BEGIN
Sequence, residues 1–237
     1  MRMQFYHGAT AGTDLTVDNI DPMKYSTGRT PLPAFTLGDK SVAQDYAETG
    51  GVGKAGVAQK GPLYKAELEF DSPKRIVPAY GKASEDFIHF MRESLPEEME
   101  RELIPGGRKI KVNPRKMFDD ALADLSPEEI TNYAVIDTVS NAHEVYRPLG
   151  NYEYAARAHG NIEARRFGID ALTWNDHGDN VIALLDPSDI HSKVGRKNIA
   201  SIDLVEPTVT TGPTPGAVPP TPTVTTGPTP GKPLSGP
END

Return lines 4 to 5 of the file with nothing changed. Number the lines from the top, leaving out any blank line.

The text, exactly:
   101  RELIPGGRKI KVNPRKMFDD ALADLSPEEI TNYAVIDTVS NAHEVYRPLG
   151  NYEYAARAHG NIEARRFGID ALTWNDHGDN VIALLDPSDI HSKVGRKNIA